In August 1950:  “L. S. D. 25 As an Aid in Psychotherapy” was the first American article about LSD. It appeared in Diseases of the Nervous System. The article presented the possibility that LSD might be useful as an aid to psychotherapy. (text of article)


Al Hubbard

In 1951: Al Hubbard first tried LSD. Hubbard was an early proponent for the drug during the 1950s. He is reputed to have been the “Johnny Appleseed of LSD” and the first person to emphasize LSD’s potential as a visionary or transcendental drug. Hubbard may have introduced more than 6,000 people to LSD, including scientists, politicians, intelligence officials, diplomats, and church figures. Hubbard, then forty-nine years old, eagerly sought out others familiar with hallucinogenic drugs, including Aldous Huxley, the eminent British novelist who for years had been preoccupied with the specter of drug-induced thought control.


                “Most people are walking in their sleep,” Hubbard said. “Turn them around, start them in the opposite direction and they wouldn’t even know the difference. [but]  give them a good dose of LSD and let them see themselves for what they are.” 


Charles Savage

In 1952: Charles Savage published the first study on the use of LSD to treat depression (see December 1952)


Kesey/Leary

In August, 1964 : Ken Kesey & his Merry Pranksters arrive with their Bus to visit Timothy Leary & Richard Alpert at Millbrook, NY. (see Dec 1)


August Peace Love Art Activism

Cold War

HUAC

August Peace Love Art Activism


In August 1955: the House Committee on Un-American Activities (HUAC) subpoenaed Seeger. Seeger.  Earlier that summer he had written: “We the people suffer by not having the songs we need. We need thousands of new songs these days: humor to poke fun at some of the damn foolishness going on in the world; songs of love and consciences and stir our indignation and anger.” He was an uncooperative witness, gave short answers and asked to show them why the song, “Wasn’t That a Time” was a patriotic song.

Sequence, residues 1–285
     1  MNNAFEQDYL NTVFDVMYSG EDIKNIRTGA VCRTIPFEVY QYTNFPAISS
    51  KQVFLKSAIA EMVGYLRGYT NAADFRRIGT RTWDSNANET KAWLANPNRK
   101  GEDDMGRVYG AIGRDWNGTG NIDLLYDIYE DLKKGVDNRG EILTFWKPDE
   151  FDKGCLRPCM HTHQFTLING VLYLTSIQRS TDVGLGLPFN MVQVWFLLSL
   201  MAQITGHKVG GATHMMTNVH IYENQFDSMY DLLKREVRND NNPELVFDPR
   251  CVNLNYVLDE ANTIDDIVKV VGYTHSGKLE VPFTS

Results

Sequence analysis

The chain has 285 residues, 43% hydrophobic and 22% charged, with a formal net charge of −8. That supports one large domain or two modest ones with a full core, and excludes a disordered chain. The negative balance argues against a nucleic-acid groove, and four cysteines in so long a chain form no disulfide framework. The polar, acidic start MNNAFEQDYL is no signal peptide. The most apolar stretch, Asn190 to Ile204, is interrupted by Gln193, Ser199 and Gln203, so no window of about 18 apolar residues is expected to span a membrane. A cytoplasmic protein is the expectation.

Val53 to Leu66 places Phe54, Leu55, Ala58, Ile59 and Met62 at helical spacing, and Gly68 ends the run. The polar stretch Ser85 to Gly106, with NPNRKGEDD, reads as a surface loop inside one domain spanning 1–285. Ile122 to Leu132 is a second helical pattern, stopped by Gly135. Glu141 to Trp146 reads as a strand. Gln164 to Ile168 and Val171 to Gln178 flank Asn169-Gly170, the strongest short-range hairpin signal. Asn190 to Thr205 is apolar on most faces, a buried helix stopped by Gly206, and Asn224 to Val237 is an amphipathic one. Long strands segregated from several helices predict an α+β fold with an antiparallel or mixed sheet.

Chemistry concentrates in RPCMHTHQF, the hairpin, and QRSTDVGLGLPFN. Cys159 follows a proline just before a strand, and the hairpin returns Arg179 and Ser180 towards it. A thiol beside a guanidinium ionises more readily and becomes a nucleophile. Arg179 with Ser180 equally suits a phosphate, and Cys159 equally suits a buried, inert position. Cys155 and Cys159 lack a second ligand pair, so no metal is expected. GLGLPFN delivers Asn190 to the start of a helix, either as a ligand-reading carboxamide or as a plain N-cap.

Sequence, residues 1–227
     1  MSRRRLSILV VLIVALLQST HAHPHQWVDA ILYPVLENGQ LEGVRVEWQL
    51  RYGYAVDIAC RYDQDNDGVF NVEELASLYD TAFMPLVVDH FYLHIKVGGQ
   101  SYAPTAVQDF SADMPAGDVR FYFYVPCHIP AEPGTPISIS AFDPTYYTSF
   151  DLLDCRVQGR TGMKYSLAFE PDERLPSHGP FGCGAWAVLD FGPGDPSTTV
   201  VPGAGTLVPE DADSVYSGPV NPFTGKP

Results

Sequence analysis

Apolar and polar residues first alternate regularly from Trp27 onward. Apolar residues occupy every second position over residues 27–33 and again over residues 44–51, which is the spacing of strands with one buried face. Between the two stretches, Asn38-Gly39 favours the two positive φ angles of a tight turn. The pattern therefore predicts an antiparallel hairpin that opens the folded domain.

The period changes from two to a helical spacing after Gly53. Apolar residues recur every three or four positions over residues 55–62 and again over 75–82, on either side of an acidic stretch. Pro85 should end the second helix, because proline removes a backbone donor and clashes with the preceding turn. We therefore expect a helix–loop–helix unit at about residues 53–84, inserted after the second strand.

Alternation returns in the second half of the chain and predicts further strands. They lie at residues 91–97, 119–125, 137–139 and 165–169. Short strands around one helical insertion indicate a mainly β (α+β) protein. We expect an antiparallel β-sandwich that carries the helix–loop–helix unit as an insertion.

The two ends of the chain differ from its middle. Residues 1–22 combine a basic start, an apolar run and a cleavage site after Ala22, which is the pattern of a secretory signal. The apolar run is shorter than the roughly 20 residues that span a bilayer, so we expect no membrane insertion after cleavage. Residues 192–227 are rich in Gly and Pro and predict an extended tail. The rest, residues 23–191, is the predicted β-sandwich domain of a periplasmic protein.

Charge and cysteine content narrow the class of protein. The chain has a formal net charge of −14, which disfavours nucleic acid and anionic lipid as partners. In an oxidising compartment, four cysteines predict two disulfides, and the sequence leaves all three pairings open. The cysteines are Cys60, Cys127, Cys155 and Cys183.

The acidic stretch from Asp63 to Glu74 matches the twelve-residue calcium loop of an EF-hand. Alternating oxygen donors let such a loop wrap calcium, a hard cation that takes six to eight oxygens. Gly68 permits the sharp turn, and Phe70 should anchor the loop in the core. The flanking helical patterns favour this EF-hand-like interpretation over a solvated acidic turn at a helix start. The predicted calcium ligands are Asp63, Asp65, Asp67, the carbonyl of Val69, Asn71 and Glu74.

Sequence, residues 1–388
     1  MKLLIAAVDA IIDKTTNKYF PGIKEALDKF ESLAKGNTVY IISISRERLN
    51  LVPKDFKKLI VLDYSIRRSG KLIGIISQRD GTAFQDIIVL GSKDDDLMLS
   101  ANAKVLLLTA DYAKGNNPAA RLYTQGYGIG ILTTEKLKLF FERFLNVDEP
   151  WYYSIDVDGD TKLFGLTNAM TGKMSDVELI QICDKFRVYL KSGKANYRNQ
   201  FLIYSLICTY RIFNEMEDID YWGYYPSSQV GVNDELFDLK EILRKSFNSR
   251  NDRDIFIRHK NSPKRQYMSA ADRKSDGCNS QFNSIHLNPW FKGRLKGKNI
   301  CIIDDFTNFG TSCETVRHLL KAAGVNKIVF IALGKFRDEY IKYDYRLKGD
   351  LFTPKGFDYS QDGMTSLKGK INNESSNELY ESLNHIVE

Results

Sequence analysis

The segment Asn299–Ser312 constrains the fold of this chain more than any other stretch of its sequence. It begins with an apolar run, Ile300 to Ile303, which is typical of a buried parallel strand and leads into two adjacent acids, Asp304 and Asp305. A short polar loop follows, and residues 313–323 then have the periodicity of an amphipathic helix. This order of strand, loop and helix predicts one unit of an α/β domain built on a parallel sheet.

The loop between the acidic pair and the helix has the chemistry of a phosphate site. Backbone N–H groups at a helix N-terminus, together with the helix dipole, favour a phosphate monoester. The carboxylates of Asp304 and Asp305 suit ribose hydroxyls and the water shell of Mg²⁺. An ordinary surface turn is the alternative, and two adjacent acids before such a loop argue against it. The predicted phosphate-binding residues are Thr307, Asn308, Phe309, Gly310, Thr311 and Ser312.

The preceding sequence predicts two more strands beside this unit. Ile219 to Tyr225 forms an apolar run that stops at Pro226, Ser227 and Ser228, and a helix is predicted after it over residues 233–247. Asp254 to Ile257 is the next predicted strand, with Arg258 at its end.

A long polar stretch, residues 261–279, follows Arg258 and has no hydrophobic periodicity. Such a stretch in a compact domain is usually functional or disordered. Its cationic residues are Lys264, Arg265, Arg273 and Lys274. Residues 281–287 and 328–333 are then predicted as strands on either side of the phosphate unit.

COINTELPRO

August Peace Love Art Activism


In 1956: the FBI’s Counter Intelligence Program [COINTELPRO] began. It initiated a series of covert, and often illegal, projects conducted aimed at surveiling, infiltrating, discrediting, and disrupting domestic political organizations, particularly the Communist Party of America. COINTELPRO eventually enlarged to include disruption of the Socialist Workers Party (1961), the Ku Klux Klan (1964), the Nation of Islam, the Black Panther Party (1966), and the entire New Left social/political movement, which included antiwar, community, and religious groups (1968). (Democracy Now articles on COINTELPRO) (see June 21)


August Peace Love Art Activism

see August Music et al for expanded coverage

Quarrymen